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Home Brew Forums > Home Brewing Beer > Beginners Beer Brewing Forum > Too soon to take out of primary?
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Old 03-07-2012, 11:47 PM   #1
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Default Too soon to take out of primary?

This is my first brew and it is a Brewer's Best Milk Stout. The directions said after pitching the yeast to let it ferment 5 to 7 days, after the 3rd day visual signs of fermenting slowed to nearly a halt....by the end of that day it was completely stopped. I know that just because the air lock isn't bubbling that it doesn't mean the yeast isn't doing it's thing, but I also know that its best to transfer to secondary when fermenting is slowed but not completely stopped. I gave it another day (the 5th day) and I transferred to secondary.

My concern is that I took it off of the yeast cake too soon and I may not get the best quality beer I can. I have read that the yeast will run out of sugars to eat and then start consuming other byproducts they put off giving the beer a better taste. It's my first batch so I am not going to be too overly bothered by a small mistake but I just want to know if it is best to let it sit in the primary longer even if the directions say otherwise?


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Old 03-07-2012, 11:54 PM   #2
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Many people skip the secondary for most beers and leave it in primary for how ever long it takes for fermentation to complete.

I don't know of anyone on HBT who has recommended racking while fermentation is still underway, although I have seen that advice rarely in other places.

The beer kit instructions for fermentation are not the best practice for the typical homebrewer, they are good for moving kits though.


A hydrometer is the best way to determine when fermentation is complete. If the gravity is stable for a few days it is ready for the next step, be that bottling/kegging, or racking over for other processes (fruiting, extended bulk aging, etc..)


I'm sure it will be fine. Welcome to HBT and the hobby!


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Old 03-07-2012, 11:57 PM   #3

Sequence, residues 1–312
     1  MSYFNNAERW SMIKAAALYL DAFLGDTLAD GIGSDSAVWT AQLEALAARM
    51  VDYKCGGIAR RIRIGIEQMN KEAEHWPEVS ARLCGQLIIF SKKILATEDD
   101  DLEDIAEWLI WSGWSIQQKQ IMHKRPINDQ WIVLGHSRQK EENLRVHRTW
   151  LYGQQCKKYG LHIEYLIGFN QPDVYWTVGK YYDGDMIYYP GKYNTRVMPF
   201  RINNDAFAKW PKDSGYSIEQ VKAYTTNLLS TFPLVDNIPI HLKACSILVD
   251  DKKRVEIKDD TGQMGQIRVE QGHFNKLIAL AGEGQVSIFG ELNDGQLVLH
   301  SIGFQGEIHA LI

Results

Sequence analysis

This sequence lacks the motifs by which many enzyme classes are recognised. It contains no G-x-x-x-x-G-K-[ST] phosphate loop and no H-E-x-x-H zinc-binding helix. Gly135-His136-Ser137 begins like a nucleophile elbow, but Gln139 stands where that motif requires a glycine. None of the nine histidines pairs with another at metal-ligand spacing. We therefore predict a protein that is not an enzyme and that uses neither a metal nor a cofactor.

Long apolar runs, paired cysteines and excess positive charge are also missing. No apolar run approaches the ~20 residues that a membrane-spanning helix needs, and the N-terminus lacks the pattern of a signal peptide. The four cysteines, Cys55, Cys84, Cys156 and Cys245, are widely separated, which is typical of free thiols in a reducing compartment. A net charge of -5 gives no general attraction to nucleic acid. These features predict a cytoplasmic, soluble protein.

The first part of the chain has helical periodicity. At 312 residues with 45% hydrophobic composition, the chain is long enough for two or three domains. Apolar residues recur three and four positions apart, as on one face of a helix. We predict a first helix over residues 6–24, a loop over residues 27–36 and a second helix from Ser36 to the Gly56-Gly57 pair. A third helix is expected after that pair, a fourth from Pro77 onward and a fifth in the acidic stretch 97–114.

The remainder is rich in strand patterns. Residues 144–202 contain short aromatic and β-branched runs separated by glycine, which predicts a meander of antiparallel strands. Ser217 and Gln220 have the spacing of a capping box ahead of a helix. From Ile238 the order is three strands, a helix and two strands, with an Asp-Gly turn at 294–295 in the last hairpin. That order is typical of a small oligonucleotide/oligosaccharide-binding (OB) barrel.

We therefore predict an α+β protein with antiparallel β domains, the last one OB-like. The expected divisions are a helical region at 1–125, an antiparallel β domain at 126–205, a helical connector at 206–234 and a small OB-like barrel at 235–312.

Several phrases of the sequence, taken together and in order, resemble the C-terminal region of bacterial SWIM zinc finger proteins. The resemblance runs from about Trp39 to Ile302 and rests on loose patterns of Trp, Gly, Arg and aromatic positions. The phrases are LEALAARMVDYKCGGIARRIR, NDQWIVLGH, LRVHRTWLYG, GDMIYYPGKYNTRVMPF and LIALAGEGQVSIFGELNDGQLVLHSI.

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First, RDWHAGB (have a good brew since being a first batch I don't expect you have any home brew). Second, moving to secondary is for the most part optional, moving it serves little purpose other than to free up a big primary for a new batch so I would say yes too soon. That aside though, just let it set for a few weeks and the yeast that are still in there should still do the job fine, it just may take a bit longer to really clean house.

TL;DR, your fine, just let it ride.
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Old 03-07-2012, 11:58 PM   #4
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I used to do a 1-2-3 brew cycle with each being the number of weeks in each step (primary, secondary, and bottle conditioning). I now do a 3-3 cycle for all of my Ales. The yeast cake really helps to clean up the beer prior to bottle conditioning and you'll still get good clear beer as long as you are care racking the beer to your bottling bucket.
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Old 03-08-2012, 12:25 AM   #5
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Thanks for the input. I think my next batch will just stay in the primary until it is ready to be mixed with the sugars.
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Old 03-08-2012, 12:27 AM   #6
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Quote:
Originally Posted by pvtschultz View Post
I used to do a 1-2-3 brew cycle with each being the number of weeks in each step (primary, secondary, and bottle conditioning). I now do a 3-3 cycle for all of my Ales. The yeast cake really helps to clean up the beer prior to bottle conditioning and you'll still get good clear beer as long as you are care racking the beer to your bottling bucket.
+1 on 3/3 ; 1/2/3 is old school
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Old 07-05-2012, 03:45 PM   #7
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I am about 2 weeks into the fermentation of my Summer Ale. I am going to give the 3/3 method a try and see how it turns out. The Milk Stout turned out amazing (in my opinion).
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Old 07-05-2012, 04:19 PM   #8
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OP, I use a secondary 100% of the time (I tried primary only, and ended up bringing too much trub over to my bottling bucket), but I would agree with the advice above - don't be in such a hurry. Let fermentation finish completely before you even think about secondary.

Understand that the term "secondary fermenation" is a misnomer - secondary is used for clarifying or additives, not for any more actual fermenting. Let the beer sit at least two - if not three to four - weeks in primary, then secondary for a week to clear, or for longer to bulk age a high gravuty beer (I recently bottled an imperial nut brown ale that aged in secondary for 4+ months).
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Old 07-05-2012, 06:02 PM   #9
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My original plan was to do a 2/2/2...but maybe I will do a 2/1/2 where that is 2 in the primary, 1 in the secondary, and then 2 in the bottles for carbonation.
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Old 07-05-2012, 08:06 PM   #10
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Most of the time,you need 3-4 weeks in the bottles to carb & condition. Then 1-2 weeks in the fridge to clear up chill haze & get thicker head,& longer lasting carbonation.


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